It’s been an eventful year for content creators and streamers, and Felix “PewDiePie” Kjellberg just capped it off with a big announcement. The YouTuber announced that he’ll be taking a break from the platform early next year, though he hasn’t announced specifics just yet. PewDiePie typically uploads new videos to his channel every day and is one of the most popular creators on YouTube as a whole.
In fact, for a while PewDiePie served as the reigning king of YouTube, with more subscribers to his name than any other account. That changed earlier this year, when T-Series managed to surpass him and knock him down to second place. Even after T-Series took the lead, PewDiePie remains one of only two channels with more than 100 million subscribers.
So, with that many subscribers, it’s a pretty big deal that PewDiePie has decided to take a break. He announced his plans at the end of a recent video where he primarily discussed YouTube’s recent harassment policy changes. Kjellberg said he wanted to let viewers know in advance because he’d already made up his mind, and said the reason he wants to take the break is because he’s tired. He hasn’t revealed how long the break will be or when, specifically, he plans to take it, but he did say it’ll happen early next year.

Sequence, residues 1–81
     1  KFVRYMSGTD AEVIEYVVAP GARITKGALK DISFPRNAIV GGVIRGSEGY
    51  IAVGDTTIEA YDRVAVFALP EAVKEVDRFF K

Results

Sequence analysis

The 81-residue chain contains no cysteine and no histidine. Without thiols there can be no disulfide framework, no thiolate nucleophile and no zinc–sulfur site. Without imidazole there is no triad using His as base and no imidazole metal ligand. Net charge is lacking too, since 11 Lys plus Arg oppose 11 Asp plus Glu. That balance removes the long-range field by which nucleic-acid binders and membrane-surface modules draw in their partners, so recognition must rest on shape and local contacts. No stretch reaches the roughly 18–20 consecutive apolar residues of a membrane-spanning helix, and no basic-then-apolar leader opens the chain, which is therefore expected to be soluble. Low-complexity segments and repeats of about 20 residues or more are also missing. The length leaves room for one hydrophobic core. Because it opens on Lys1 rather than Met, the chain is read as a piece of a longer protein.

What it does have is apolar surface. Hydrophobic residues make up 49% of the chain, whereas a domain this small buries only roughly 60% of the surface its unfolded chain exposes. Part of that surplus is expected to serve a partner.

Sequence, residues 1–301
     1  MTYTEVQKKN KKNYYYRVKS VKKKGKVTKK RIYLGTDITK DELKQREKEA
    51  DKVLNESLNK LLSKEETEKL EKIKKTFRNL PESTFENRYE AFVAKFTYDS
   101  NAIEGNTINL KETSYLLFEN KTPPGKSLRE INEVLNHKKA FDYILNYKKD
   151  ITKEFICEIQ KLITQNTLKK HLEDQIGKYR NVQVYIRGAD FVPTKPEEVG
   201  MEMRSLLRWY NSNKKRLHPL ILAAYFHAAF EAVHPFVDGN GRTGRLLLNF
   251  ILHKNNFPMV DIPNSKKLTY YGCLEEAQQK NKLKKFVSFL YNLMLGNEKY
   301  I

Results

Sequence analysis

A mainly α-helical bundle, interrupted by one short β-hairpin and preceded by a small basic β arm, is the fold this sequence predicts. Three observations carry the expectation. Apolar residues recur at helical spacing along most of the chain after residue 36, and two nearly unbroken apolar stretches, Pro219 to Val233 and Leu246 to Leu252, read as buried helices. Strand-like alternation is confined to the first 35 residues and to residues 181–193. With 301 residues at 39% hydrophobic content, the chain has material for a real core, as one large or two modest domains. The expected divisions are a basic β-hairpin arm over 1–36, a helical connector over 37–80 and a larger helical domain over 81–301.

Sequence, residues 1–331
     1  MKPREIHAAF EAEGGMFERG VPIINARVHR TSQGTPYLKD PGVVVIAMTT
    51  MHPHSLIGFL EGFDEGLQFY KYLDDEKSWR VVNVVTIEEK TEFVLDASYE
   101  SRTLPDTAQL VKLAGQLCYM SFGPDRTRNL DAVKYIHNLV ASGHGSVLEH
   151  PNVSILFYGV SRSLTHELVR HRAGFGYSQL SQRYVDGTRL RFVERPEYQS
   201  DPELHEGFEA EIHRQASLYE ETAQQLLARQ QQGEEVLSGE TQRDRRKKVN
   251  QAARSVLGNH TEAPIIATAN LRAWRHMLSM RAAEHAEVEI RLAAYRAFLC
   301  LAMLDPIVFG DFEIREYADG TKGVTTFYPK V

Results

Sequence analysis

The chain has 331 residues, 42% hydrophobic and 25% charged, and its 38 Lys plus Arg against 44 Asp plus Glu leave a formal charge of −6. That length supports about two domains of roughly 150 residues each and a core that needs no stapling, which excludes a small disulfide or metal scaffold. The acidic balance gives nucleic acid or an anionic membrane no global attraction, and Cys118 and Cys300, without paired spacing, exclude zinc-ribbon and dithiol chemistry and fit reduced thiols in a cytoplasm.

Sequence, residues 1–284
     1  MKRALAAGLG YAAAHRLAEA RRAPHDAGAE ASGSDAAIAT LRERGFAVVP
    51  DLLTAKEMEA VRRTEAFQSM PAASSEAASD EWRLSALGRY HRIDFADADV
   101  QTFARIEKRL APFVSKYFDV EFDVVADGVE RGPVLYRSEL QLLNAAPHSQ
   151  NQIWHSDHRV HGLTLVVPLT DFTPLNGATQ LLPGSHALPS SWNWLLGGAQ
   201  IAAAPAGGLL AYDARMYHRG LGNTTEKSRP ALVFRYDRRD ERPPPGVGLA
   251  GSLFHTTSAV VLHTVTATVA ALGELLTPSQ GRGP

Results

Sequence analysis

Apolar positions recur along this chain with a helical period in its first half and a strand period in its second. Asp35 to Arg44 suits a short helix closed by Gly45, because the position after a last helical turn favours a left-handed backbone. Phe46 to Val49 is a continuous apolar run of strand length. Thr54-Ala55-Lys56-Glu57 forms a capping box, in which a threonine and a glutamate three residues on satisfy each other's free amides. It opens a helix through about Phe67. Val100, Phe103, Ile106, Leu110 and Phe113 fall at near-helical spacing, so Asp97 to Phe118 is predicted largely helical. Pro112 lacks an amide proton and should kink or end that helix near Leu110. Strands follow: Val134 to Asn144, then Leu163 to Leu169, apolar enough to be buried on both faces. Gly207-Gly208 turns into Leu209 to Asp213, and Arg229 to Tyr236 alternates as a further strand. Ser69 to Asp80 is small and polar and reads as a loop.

It’s been a chaotic year for content creators, and not just those who publish videos to YouTube. Not only has YouTube rolled out a number of changes that don’t sit particularly well with its users, but live streaming platforms have been shelling out big bucks (presumably) to sign exclusive contracts with a number of big personalities.
Microsoft got the ball rolling on that front in August when it signed Tyler “Ninja” Blevins to Mixer, taking him and his massive audience away from Twitch. It followed up on that by signing Michael “Shroud” Grzesiek to a contract as well, and in the time since then, we’ve seen Facebook and YouTube get in on the poaching action as well. Twitch has been fighting back, however, recently signing a number of its biggest streamers to exclusive contracts to prevent them from leaving.